"So," Monique said, "what happens next on a date with you?"
* * *
"All right children," Anya said. "Time for bed."
"Already?" Abigail whined. She had been trying to sing along to some songs on a CD of Jefferson's she had found. Anya had barely gotten a chance to study the case to make sure the music was age-appropriate. She deemed the list of Phil Collins songs to be okay.
"Yes, it is already time," Anya told her, stopping the music. "The Same time as always. Come on now."
The kids all grudgingly obeyed and headed upstairs to wash up and put on their pajamas. Anya proceeded to straighten up a few things in the den before following them.
Neither of the twins were interested in a story, but Matthew was. Anya studied the books on the shelf in his room and selected a Curious George volume. When all three kids were asleep, she went back downstairs, where romance novel was waiting for her.
* * *
After dinner, Jefferson took Monique to the Spot Dessert Bar back in Greenwich Village. They bought ice cream and sat kitty-corner at a small outdoor table where Presley could curl up underneath as she liked to do.
"I cannot believe I've lived in this city my entire life and never heard of this place," Monique commented, using a small plastic spoon to eat her chocolate chip cookie dough. "How'd you find it?"
"A law school buddy of mine lived in this neighborhood," Jefferson replied. "He let me in on the secret."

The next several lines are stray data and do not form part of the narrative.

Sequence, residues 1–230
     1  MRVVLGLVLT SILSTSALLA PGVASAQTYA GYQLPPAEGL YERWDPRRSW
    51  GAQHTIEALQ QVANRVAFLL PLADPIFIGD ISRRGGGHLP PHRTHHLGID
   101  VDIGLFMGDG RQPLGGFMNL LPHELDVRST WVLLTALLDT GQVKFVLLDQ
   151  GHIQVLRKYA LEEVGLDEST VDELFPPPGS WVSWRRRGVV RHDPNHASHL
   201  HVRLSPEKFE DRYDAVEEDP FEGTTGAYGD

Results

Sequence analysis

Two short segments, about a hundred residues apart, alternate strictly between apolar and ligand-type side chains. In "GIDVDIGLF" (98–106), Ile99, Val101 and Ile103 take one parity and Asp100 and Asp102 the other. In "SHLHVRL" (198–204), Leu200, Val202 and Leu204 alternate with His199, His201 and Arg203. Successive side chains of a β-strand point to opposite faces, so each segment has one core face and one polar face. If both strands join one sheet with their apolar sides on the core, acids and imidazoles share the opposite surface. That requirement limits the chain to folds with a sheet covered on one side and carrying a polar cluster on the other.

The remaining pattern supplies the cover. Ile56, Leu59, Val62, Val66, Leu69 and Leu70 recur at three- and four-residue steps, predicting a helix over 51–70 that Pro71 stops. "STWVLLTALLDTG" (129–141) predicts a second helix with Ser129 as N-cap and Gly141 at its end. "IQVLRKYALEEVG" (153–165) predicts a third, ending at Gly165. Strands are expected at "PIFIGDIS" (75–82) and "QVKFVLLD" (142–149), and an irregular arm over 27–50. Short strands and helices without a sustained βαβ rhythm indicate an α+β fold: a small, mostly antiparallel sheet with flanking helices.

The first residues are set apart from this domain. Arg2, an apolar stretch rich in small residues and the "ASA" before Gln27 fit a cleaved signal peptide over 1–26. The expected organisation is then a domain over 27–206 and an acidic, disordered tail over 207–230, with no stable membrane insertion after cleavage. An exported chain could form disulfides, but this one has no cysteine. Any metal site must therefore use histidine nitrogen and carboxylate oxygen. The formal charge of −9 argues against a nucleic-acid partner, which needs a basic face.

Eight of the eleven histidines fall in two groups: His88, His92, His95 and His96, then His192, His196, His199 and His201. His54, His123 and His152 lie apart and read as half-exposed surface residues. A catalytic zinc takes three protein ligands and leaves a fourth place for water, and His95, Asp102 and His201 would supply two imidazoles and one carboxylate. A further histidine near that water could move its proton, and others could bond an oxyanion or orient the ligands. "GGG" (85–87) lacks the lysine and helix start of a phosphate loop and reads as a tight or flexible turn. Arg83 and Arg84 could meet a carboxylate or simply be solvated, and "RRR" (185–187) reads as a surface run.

"So now you bring all your dates to it, right?"
Monique gave her ice cream a thoughtful stare.
"I had a good time tonight," she said.
"Me too," Jefferson agreed. "And it doesn't look like any lines were crossed."
"I guess not."
Jefferson reached over, found and brushed her cheek with his fingers, and then leaned over and kissed her. Though startled at first, Monique soon found herself reciprocating.
"How about now?" Jefferson asked when he pulled away again.
"I'm not sure," Monique teased. "I might have to try one more time."
She leaned towards him as best she could, her ice cream now forgotten.
* * *
"this is my stop," Monique said as they approached the bookstore's entrance.
"That's too bad," Jefferson said. "We'll have to pick this up another time."
"Yeah," Monique agreed with a smile.
Jefferson leaned down and kissed her for the third time that night. In the back of her mind, Monique was wondering if Joan was watching from an upstairs window. She couldn't remember the last time someone walked her home.
"Good night Jefferson," she said when he pulled away.
"I'll call you," He promised. "Good night."
he walked away with Presley as Monique entered the bookstore and locked the door.
Not surprisingly, she found Joan waiting for her up in her apartment. The nurse was giving her an amused look.
"How was your date?" she asked.
"Fine," Monique said, shrugging as best as she could.
"Your smeared lipstick and ruffled hair suggests it was more than fine."
Joan's amused expression grew.
"Believe what you want," Monique retorted.
* * *
"So you went through with it?" Eric asked, trying to make the water cooler work. "You went out with Monique?"
He and Jefferson were standing in the corridor of the law school.
"Yeah," Jefferson said as Eric pounded on the cooler's plastic jug. "Is that so weird?"
"No way," Eric said, now kicking the base of the cooler. "I'm happy for you. She seems like a great catch. Why is it not coming out? I mean, I can see the water in the jug. It's definitely there."
He released a groan of frustration and smacked the jug.